Elucidating the inhibition of peptidoglycan biosynthesis in Staphylococcus aureus by albocycline, a macrolactone isolated from Streptomyces maizeus.
Bioorg Med Chem. 2018 Jul 23;26(12):3453-3460
Authors: Liang H, Zhou G, Ge Y, D’Ambrosio EA, Eidem TM, Blanchard C, Shehatou C, Chatare VK, Dunman PM, Valentine AM, Voelz VA, Grimes CL, Andrade RB
Antibiotic resistance is a serious threat to global public health, and methicillin-resistant Staphylococcus aureus (MRSA) is a poignant example. The macrolactone natural product albocycline, derived from various Streptomyces strains, was recently identified as a promising antibiotic candidate for the treatment of both MRSA and vancomycin-resistant S. aureus (VRSA), which is another clinically relevant and antibiotic resistant strain. Moreover, it was hypothesized that albocycline’s antimicrobial activity was derived from the inhibition of peptidoglycan (i.e., bacterial cell wall) biosynthesis. Herein, preliminary mechanistic studies are performed to test the hypothesis that albocycline inhibits MurA, the enzyme that catalyzes the first step of peptidoglycan biosynthesis, using a combination of biological assays alongside molecular modeling and simulation studies. Computational modeling suggests albocycline exists as two conformations in solution, and computational docking of these conformations to an ensemble of simulated receptor structures correctly predicted preferential binding to S. aureus MurA-the enzyme that catalyzes the first step of peptidoglycan biosynthesis-over Escherichia coli (E. coli) MurA. Albocycline isolated from the producing organism (Streptomyces maizeus) weakly inhibited S. aureus MurA (IC50 of 480 μM) but did not inhibit E. coli MurA. The antimicrobial activity of albocycline against resistant S. aureus strains was superior to that of vancomycin, preferentially inhibiting Gram-positive organisms. Albocycline was not toxic to human HepG2 cells in MTT assays. While these studies demonstrate that albocycline is a promising lead candidate against resistant S. aureus, taken together they suggest that MurA is not the primary target, and further work is necessary to identify the major biological target.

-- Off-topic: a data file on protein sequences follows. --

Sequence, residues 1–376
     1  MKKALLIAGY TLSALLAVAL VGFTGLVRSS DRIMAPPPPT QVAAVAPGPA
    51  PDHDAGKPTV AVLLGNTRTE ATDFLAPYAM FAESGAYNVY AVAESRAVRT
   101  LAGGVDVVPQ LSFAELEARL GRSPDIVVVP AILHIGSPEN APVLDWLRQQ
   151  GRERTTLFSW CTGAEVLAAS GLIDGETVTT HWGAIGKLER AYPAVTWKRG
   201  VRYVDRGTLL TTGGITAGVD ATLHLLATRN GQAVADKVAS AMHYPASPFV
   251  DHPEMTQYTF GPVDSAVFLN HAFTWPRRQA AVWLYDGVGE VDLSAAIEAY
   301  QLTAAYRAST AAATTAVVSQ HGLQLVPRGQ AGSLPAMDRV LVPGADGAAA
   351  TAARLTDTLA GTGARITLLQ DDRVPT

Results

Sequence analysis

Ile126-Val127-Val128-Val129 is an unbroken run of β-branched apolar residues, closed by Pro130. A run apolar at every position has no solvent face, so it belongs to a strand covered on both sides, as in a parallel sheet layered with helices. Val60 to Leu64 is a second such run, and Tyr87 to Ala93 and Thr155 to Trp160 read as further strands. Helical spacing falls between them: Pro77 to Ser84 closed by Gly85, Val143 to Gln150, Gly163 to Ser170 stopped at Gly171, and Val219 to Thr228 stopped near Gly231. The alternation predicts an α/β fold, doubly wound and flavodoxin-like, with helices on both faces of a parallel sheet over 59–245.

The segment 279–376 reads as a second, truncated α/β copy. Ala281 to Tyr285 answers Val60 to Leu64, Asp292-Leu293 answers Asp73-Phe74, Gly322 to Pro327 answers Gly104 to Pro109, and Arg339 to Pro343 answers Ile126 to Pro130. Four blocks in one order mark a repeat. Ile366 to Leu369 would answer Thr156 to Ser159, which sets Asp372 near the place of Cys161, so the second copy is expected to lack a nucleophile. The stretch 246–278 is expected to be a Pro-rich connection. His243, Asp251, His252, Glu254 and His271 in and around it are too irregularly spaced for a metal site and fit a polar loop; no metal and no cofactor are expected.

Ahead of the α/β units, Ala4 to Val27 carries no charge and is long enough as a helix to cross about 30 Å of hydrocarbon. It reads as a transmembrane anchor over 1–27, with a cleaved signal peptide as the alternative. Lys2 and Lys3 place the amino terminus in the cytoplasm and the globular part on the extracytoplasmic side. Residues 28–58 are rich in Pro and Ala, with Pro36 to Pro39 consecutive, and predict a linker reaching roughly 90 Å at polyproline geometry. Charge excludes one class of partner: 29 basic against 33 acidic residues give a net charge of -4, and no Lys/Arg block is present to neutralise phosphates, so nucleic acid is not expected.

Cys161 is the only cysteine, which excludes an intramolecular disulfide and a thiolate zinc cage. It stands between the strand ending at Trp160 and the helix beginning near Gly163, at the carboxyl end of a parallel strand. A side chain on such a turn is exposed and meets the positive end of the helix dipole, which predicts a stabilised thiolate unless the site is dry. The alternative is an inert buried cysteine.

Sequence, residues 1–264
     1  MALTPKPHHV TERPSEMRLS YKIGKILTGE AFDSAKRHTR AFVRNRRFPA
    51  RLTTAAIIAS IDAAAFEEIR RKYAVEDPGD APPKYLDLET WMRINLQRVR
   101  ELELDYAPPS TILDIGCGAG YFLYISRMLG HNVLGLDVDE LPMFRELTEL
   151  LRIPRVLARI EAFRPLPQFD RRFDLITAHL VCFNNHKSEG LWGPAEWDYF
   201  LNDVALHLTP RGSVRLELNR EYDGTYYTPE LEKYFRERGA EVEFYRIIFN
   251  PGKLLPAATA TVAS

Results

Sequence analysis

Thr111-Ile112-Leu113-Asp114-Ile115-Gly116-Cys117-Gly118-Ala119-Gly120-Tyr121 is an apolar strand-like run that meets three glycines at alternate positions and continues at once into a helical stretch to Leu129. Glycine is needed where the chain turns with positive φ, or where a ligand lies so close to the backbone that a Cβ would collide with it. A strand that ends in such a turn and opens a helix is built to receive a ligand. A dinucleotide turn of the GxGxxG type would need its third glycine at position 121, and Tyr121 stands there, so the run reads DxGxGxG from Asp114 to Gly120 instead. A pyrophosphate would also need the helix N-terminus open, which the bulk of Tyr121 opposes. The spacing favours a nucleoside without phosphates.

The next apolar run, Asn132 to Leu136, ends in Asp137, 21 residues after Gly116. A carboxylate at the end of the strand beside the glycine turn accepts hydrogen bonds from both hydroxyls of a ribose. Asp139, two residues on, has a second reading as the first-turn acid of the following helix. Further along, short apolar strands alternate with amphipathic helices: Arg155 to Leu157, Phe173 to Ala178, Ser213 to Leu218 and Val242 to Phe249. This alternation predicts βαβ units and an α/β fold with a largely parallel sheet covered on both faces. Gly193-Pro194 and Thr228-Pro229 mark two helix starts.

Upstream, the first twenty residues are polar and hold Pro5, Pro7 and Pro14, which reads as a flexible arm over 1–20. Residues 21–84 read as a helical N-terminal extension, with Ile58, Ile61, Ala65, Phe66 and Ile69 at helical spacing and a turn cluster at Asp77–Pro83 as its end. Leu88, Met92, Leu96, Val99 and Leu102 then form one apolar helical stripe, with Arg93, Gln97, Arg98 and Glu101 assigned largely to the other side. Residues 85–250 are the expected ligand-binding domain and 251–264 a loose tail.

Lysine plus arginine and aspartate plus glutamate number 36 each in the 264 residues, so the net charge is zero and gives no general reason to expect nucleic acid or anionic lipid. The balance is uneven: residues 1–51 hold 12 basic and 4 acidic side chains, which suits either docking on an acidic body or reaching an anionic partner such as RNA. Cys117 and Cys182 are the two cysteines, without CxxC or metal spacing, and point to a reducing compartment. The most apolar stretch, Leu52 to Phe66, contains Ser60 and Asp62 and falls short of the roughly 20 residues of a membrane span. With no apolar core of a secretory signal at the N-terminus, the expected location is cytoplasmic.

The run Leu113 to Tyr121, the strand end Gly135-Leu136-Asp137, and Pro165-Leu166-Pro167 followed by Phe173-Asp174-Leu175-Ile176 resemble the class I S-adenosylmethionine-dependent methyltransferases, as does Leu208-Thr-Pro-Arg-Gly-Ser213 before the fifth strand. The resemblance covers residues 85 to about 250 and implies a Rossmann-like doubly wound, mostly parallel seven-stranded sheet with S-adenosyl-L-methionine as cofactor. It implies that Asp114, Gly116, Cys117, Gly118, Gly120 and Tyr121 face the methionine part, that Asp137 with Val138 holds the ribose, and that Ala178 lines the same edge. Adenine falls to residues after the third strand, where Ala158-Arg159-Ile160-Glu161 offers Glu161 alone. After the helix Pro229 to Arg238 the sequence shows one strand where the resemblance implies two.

PMID: 29805074 [PubMed – in process]